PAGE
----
Elliot Vaughn, a Partner at Boston Consulting Group (BCG), is head of BCG’s LGBT network in Europe (Pride@BCG) and will be taking over global leadership of the network in 2019.
Elliot leads BCG’s partnerships with the likes of EurOut and Open for Business and he recently launched the LGBT charity GiveOut, which won Breakthrough Charity of the Year in the 2018 Third Sector Awards.
He recently talked to us about the importance of LGBT inclusion, and what employers can do to make LGBT employees feel more comfortable at work.
What made you want to go into this role?
I’m in the fortunate position to be able to influence change within BCG and other organisations, and I’m passionate about the case for LGBT inclusion in the workplace and society more broadly. It is an incredibly fulfilling thing to be able to benefit others, especially for those who are starting out in their careers.
It’s also frankly an incredibly important value for us as a global partnership – diversity is one of our foundation values. So there is this strong belief in respect for the individual in our culture which runs deeply through our work – from how we run internal project team meetings through to our work building a global LGBT network.
What is BCG doing to make LGBT members feel more included?
This year we celebrated 20 years of our global LGBT network. One thing we’ve realised is this is not just about recruiting people into the organisation, it’s about helping feel included at every step of their time with BCG. This includes recruitment, but also how we onboard, develop and mentor LGBT+ staff.
Worryingly, we have found that a lot of new consultants will default into going back into the closet, especially with clients. Across the LGBT+ spectrum, it matters a lot that our staff know that BCG has their back and that they can feel fully comfortable at work and with clients.
Beyond that, we work at making sure BCG does the right thing at key ‘moments of truth’ – for example as they build a family, or need to claim on health insurance, or request flexible working – all the things that come up in people’s lives.
We’re also putting an increasing focus on LBT visibility, as lesbians, bi people and trans people are less well represented in our global network.
From our external research we know that staff are much less likely to think about moving roles when they know their company is committed to diversity and inclusion. So as well as helping our staff to work in a truly inclusive environment we absolutely see it as a win-win if it translates through to greater commitment to BCG.
Have you noticed any changes through these processes?
Especially in the UK there is increasing comfort in the work environment for LGBT people. I think there’s this combination of visible signs of feeling welcomed and something is shifting in the business culture that is supporting that. We conduct an annual staff survey for all our staff but also a separate one for LGBT staff where we can compare the different cohorts, and encouragingly we are hearing that they are increasingly comfortable being themselves at work.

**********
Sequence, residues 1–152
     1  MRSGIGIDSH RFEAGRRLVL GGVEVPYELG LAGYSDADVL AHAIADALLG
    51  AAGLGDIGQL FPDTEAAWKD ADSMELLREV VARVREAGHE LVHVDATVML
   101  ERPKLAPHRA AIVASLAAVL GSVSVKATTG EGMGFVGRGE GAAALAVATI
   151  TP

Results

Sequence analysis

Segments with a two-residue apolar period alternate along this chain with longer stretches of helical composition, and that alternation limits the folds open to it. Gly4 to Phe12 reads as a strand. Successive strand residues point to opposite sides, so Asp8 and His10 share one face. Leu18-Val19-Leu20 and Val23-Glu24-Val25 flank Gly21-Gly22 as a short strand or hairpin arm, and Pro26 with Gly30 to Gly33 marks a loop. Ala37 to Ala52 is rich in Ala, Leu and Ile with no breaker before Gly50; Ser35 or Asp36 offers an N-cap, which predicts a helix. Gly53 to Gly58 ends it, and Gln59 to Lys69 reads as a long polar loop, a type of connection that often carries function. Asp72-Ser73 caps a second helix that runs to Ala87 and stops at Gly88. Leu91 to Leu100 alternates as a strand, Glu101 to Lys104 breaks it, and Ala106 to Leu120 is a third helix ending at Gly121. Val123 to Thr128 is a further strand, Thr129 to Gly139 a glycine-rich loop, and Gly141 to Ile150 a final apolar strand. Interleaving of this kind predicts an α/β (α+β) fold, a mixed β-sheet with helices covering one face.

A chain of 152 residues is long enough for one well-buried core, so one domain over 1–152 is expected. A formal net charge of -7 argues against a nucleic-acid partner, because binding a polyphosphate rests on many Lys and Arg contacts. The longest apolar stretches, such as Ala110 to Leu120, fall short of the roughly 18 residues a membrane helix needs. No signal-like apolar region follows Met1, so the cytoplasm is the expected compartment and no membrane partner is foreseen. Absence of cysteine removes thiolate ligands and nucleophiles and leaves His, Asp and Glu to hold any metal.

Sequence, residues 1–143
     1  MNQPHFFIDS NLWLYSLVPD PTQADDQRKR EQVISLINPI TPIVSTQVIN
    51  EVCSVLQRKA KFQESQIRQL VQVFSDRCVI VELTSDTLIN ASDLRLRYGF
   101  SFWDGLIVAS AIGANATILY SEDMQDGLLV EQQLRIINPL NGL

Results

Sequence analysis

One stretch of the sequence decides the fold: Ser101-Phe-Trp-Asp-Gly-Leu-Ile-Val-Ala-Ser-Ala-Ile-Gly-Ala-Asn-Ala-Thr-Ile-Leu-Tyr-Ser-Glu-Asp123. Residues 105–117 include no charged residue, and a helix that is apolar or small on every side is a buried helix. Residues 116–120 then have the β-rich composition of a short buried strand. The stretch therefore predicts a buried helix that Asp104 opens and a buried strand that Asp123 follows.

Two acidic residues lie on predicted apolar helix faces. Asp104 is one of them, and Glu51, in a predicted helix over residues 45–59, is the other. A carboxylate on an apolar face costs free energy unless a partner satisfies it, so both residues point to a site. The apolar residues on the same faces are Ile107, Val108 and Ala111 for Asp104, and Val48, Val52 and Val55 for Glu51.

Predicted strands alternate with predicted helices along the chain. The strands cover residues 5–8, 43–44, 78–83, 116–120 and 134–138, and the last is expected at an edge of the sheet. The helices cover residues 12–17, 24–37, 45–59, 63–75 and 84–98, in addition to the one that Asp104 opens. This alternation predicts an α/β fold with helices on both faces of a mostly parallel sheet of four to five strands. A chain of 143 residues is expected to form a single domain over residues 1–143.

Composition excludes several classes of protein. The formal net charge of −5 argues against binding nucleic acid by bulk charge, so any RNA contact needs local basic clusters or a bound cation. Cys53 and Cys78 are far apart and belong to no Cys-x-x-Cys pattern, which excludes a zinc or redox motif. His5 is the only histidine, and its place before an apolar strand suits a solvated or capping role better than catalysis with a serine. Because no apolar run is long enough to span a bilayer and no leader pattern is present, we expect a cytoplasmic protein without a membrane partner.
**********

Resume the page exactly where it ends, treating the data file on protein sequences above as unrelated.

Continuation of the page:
However, there is still work to do. In fact, our recent external research on this topic in our Out@Work Barometer [which was reported on by HRD Connect] found that while 80% of young LGBT talent say they would be ready to come out at work, only 50% are acting on that.
What are the biggest challenges of LGBT members in the workplace, and what are the challenges that come along with making them feel more included
There’s definitely anxiety that some people carry around within them not knowing how they will be judged if they choose to reveal their sexual orientation or preferred gender expression in the workplace. It’s a choice between whether to cover up that information or to share it.
It might seem strange to some people but it’s actually something it seems we can all have empathy with – there’s some fascinating research in the US which found that 50% of straight white men say they are covering up an important aspect of their identity in the workplace. This could be things like their educational background, their family situation, hair, health, age – you name it.
So, in a sense, the challenge for our LGBT+ staff is to feel able to make those daily decisions about whether or not to uncover themselves knowing that BCG will support them either way. That’s not a one-off thing that can be accomplished by sending round a memo – if only! Our people are making daily choices and so the challenge and opportunity is to help them feel supported through their work life.
What can other companies do to make LGBT members feel more included and comfortable?
The first thing to say is that inclusion really does matter. Our Out@Work Barometer research showed that an inclusive environment is in the top three criteria that young LGBT people have when choosing which company to work for, and in the UK, they rank this even higher than salary.
Improving D&I in the workplace is not easy. Typically it needs a shift in organisational culture which can take years, rather than months. One thing we’ve found is that approaches need to be adaptive – the needs of individuals change over time, and as society changes, so too will the needs of the workforce.
Personally, I think personalised mentoring and sponsorship programmes are valuable for LGBT staff, enabling tailored coaching plus helping directly build connectivity and inclusion in the organisation. There also needs to be visible signs that commitment to LGBT inclusion is real and so visible efforts such as ally programmes and Pride events can be powerful ways to show that and promote a more open dialogue. Whatever steps your organisation decides to take, make sure they are visible and communicated widely and often, internally and externally.